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I recently moved into an older home (built in 1968) and have been replacing some of the older light fixtures. We pulled down one of the lights and found that there is a ground running into the box but the light fixture itself doesn't have a ground to hook up to it.

My wife is considering refurbishing the look of the light instead of replacing it... is it okay to use the light even though it's not grounded?

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If it's a metal box, and a metal light fixture, and the box is grounded. The fixture itself may indeed be grounded via contact with the fixture box, and/or through the screws holding the fixture to the box. This is by no means an acceptable alternative to an actual properly designed grounding system in the fixture, but it may be enough if it's needed. –  Tester101 Jul 10 '13 at 12:01

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up vote 2 down vote accepted

We live with legacy ungrounded fixtures all the time, usually without incident. As I understand it, grounding is a backup system to give the high potential an easy path to ground (that is, a better path than YOU) if there is a short in the fixture.

Basically, grounding is a connection between the metal body of a fixture to a continuous ground (wire or metal shielding) that returns to the service panel and an earth ground. You could create a ground on a fixture by installing a screw in the metal body of the unit that could then take the ground wire. However, there could be more than one metal component in the fixture needing a ground, so it is by no means a sure fix.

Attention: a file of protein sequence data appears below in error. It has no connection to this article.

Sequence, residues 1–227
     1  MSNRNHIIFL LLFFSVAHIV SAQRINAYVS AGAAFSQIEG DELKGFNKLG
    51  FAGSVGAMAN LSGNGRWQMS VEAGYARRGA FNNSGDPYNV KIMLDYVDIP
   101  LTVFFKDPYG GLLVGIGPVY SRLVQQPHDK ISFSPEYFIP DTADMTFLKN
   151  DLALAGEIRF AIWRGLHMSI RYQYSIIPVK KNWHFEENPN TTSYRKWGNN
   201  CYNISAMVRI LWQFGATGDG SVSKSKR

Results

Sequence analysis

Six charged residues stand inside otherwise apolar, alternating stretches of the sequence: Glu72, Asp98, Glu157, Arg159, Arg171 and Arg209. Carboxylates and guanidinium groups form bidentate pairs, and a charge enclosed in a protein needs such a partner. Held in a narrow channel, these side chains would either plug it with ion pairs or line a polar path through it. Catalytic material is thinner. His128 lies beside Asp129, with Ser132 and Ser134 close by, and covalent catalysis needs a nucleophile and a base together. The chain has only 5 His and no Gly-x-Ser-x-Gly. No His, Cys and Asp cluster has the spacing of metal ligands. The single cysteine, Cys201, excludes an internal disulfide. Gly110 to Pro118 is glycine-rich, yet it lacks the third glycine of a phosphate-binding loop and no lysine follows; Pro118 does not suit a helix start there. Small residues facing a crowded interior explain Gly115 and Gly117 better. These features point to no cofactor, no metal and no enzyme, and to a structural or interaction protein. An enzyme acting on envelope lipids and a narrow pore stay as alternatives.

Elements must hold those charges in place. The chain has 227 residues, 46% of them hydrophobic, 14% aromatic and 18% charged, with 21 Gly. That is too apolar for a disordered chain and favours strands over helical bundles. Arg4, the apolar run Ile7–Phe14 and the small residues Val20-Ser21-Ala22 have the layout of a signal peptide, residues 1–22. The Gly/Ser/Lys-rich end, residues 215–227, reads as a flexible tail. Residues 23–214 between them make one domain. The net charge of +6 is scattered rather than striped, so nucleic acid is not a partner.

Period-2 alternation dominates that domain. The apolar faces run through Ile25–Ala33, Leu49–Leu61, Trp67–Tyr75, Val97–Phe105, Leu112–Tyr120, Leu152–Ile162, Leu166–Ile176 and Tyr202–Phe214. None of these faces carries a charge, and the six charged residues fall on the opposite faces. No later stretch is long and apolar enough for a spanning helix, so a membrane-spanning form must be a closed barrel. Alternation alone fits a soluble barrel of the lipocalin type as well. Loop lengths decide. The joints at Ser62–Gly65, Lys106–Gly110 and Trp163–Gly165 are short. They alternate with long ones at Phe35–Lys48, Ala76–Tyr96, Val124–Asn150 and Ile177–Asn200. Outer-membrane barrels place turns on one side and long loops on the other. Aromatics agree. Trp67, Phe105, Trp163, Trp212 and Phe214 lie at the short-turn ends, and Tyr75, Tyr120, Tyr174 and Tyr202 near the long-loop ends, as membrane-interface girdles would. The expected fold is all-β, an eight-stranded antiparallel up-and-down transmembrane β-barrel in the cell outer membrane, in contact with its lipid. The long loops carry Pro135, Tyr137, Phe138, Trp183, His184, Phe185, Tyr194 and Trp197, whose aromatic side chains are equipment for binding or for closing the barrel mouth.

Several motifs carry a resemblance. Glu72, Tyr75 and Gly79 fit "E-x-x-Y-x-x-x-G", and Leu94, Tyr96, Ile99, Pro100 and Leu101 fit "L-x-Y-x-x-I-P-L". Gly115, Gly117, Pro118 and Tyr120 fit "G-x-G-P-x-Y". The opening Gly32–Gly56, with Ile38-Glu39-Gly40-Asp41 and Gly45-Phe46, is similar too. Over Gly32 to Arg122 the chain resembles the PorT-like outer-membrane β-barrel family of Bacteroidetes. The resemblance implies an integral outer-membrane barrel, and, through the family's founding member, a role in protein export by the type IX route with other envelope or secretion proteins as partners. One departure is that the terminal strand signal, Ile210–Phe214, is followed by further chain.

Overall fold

The main issue is the likelihood of a user touching something metal on the fixture that could be accidentally live. If the fixture is out of reach, the lack of a ground is probably a low risk. If it is a pull chain light, use of a string pull rather than metal is a good idea.

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A good safety check for an older fixture is that the center conductor of the socket is connected to the hot (ungrounded) conductor. –  HerrBag Jul 10 '13 at 2:30
    
@HerrBag isn't that something that can (and should) be done when reinstalling, regardless of how it was originally wired? –  bib Jul 10 '13 at 3:01
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Yes, I just wanted to pair the comment with your answer. –  HerrBag Jul 10 '13 at 3:07

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